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Genetic profiling from a simple cheek swab can be a very useful tool. In combination with a client's lifestyle and metabolic factors, genetic tests give practitioners more insight into treating their client's as individuals. A person's genetic profile is part of what makes us unique. Because of this biochemical individuality we can, from the results of genetic evaluation and SNP (single nucleotide polymorphisms') analysis and with an understanding of metabolic pathways and biochemistry, it is possible to make recommendations for specific nutritional and skin care products for that person.
The specific SNP's chosen are related to the relative biochemical efficiency of one's genes and their product proteins that occur at relatively high frequencies. They are linked to metabolic pathways where specific compensatory supplementation can be defined. Listed below is a summary of the SNP's used for this exciting new and non-invasive testing.
- SNP 1: Vitamin D Receptor: Our bone strength is influenced by this gene. A 1994 study shows that this gene accounts for 75% of the genetic influence on bone density [Morrisonh NA et al]. Individuals with an imbalanced SNP 1 generally tend to have lower bone mineral density than those without these variations [Thakkinstan A et al, Valdivielso JM, 2004]
- SNP2: Microsomal Epoxide Hydrolase: An epoxide is a highly reactive foreign environmental toxin. These epoxides normally arevdetoxified through this EPHX gene. If an individual has a SNP2 imbalance, they tend to have more difficulty in detoxifing these harmful substances thus potentially causing damage to the cells [Morisseau C, 2005]
- SNP3 NQO1 (Coenzyme Q10 Reductase): Free radicals cause aging! CoQ10 reductase (NQO1) has been shown to convert CoQ10 (ubiquinone) to its reduced form ubiquinol which scavenges the free radicals in our mitochondria [Hosoe K et al,2007]. Individuals with this SNP3 tend to have lower levels of this antioxidant that normally would detoxify free radicals resulting in more free radical damage.
- SNP4: SOD2: Superoxide Dismutase (SOD) is the gene that is the first line of defense against one specific free radical-superoxide [Robinson BH, 1998. It has been shown to be the only enzyme in the mitochondria that can neutralize superoxide [Bandy B, 1990]. Individuals with this SNP may have more oxidative stress thus causing aging and possible dis-ease [Bandy B, 1990].
- SNP5: GPX1 (Glutathione Peroxidase 1): This enzyme specifically scavenges hydrogen peroxide, a reactive oxygen species (ROS). GPX1 is a selenoprotein which incorporates selenium into its protein structure. How much GPX1 an individual produces is dependent on their selenium level [Rayman MP, 2005]. People who have this SNP5 tend to utilize less selenium which means they need to supplement with more selenium than individuals who don't have the SNP5. This enzyme is needed to protect hydrogen peroxide-sensitive tissues, particularly lung and breast tissues [Hu YJ,2003,2005;Ratnasinghe D et al,2000; Moscow J.A.,1994].
- SNP6: MMP1 (Matrix Metalloproteinase): MMP1, is known as collagenase which degrades collagen. Collagen is the main component of cartilage, ligaments, tendons and bone. Individuals with this SNP6 produce too much collagenase, which may result in collagen breakdown and possible bone and joint issues [Cunnane G, 2001; DÖrr S et al, 2004].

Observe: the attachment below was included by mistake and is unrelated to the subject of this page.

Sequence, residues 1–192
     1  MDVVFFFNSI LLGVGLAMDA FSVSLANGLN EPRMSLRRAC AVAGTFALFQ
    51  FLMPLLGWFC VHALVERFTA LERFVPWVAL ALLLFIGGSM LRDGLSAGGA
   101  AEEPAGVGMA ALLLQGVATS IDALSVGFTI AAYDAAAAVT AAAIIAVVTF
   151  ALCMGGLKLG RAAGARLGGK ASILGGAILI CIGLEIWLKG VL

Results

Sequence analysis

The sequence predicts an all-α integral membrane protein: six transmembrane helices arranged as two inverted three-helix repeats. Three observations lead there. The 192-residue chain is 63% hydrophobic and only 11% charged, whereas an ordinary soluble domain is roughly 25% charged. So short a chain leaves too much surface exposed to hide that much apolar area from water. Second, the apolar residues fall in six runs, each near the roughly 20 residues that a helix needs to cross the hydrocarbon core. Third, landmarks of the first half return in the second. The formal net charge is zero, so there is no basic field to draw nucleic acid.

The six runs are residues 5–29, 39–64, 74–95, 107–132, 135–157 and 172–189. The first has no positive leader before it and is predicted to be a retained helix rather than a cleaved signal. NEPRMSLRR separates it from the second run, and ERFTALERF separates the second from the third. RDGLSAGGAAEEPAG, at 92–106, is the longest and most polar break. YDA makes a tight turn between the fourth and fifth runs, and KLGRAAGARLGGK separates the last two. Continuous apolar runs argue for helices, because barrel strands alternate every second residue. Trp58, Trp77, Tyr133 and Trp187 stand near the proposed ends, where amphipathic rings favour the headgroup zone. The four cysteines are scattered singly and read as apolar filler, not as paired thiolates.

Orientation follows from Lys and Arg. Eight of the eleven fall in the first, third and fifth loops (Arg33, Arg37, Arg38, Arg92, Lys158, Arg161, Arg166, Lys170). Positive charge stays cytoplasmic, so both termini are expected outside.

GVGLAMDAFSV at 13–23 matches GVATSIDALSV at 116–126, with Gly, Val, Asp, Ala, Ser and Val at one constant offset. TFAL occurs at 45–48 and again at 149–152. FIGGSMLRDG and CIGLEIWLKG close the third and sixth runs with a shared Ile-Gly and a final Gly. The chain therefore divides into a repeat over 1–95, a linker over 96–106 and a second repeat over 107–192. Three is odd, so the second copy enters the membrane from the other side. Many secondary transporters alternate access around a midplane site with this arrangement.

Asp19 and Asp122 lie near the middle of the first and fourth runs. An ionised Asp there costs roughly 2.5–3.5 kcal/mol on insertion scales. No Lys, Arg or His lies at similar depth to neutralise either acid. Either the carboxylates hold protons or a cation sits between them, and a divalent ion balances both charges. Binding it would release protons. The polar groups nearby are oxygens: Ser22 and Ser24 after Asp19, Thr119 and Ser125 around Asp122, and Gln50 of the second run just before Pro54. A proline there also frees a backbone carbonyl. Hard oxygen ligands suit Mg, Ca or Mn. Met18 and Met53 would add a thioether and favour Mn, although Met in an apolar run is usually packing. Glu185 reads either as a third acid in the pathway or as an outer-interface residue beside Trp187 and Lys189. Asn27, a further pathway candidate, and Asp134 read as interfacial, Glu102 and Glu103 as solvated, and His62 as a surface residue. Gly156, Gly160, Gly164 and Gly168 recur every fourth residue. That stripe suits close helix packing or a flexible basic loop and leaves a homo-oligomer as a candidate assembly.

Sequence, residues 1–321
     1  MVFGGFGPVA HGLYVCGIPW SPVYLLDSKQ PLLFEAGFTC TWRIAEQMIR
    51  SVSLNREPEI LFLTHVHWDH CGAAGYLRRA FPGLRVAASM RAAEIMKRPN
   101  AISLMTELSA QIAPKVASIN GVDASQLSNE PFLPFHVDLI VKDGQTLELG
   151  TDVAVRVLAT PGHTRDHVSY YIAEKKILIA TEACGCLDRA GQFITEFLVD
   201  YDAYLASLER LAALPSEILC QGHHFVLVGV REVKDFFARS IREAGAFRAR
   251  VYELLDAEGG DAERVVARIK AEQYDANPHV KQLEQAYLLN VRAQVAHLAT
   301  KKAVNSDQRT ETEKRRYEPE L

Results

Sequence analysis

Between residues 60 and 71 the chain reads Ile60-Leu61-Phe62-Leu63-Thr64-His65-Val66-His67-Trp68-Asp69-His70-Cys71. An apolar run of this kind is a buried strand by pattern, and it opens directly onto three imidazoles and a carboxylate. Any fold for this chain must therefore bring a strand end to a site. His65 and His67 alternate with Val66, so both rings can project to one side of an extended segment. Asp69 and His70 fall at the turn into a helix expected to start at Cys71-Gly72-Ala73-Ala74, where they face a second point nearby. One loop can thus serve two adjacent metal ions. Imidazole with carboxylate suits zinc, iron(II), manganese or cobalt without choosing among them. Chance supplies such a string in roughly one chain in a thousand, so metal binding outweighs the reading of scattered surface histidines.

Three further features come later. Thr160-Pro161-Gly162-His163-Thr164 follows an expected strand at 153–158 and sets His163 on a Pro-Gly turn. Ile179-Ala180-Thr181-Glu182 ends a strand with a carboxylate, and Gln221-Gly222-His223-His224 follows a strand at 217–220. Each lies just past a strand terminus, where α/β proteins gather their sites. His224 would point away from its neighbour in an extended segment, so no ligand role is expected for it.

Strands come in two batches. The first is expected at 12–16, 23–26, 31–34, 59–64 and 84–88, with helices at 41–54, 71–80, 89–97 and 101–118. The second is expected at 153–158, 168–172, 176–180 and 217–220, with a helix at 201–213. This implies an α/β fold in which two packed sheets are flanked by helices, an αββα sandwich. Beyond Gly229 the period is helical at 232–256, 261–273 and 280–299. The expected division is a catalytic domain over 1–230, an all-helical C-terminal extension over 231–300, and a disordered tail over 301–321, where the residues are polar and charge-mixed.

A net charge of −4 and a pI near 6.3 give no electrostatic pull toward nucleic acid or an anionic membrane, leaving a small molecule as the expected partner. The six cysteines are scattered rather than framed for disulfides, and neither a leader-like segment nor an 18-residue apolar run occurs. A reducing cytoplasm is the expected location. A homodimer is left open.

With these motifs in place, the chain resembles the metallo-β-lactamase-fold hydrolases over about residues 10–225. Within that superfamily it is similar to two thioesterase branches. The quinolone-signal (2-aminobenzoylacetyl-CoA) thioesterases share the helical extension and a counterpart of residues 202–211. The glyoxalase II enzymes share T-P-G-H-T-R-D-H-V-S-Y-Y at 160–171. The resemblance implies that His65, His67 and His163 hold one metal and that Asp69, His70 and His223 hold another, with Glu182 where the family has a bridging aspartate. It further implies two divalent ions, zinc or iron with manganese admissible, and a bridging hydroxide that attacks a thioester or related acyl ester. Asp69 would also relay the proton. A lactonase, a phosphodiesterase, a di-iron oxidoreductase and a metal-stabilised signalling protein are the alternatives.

- SNP7: MTRR (Methionine Synthase Reductase): Homocysteine is a metabolite of methionine, an amino acid which has been shown to protect the cardiovascular system [Refsum H et al,1998; Eikelboom J et al, 1999]. MTRR transforms homocysteine back to methionine or cysteine. Individuals with the SNP7 gene have the inability to clear homocysteine from their blood.
- SNP8; TNF (Tumor Necrosis Factor): TNF is a cytokine which is a chemical messenger of the immune system that helps with reducing inflammation. Individuals with this SNP8 tend to have an over-reactive inflammatory mechanism resulting in affecting the joints, brain, lungs and heart [Lee et al, 2007; alvarez V et al, 2002; Witte JS etal, 2002; Elahi MM et al, 2007].
- SNP9: MTHFR (Methylene Tetrahydrofolate Reductase): This enzyme also is responsible for reducing blood levels of homocysteine. Again, those with this SNP8 cannot decrease high levels of homocysteine, especially those who also have low levels of folate [Frosst P et al,1995; Jacques PF et al, 1996].
- SNP10: PON1 (Paraxonase 1): This enzyme attaches itself to high-density lipoprotein (HDL), which protects the HDL and LDL (low-density lipoprotein) from oxidation [Aviram M et al, 1998]. Since the SNPs in PON1 are common, blood levels of PON1 can vary by a factor of 10-40 fold among individuals [Garin et al, 1997,1999; Humbert R et al, 1993]. Therefore, individuals with this SNP10 usually have higher levels of oxidized LDL which affects cardiovascular health [Robertson KS et al, 2003; Voetsch B et al, 2004].
- SNP11: CYP11B2 (Aldosterone Synthase): The CYP11B2 gene encodes an enzyme, aldosterone synthase, which helps regulate blood pressure. A SNP11 in the CYP11B2 will decrease the ability of the blood vessels to constrict and relax especially when more blood flow is needed, as in exercising. This inability of vessel response may set the stage for cardiovascular issues [Hautanen A et al, 1999).
- SNP12: APOB (Apolipoprotein B): Apolipoproteins make up the protein part of lipoproteins. The Apolipoprotein B (ApoB) constitutes the protein component of LDL but without ApoB, LDL cannot form. People with SNPS on the ApoB gene have higher ApoB levels resulting in increased total cholesterol, LDL cholesterol, and triglycerides [Benn M et al, 2005; Talmud PJ et al, 1987; Law A et al, 1986; Hegele RA et al, 1986] as well as impaired glucose tolerance [Bentzen J et al, 2003] and increased blood lipid responses after meals [Moreno-Luna R et al, 2007]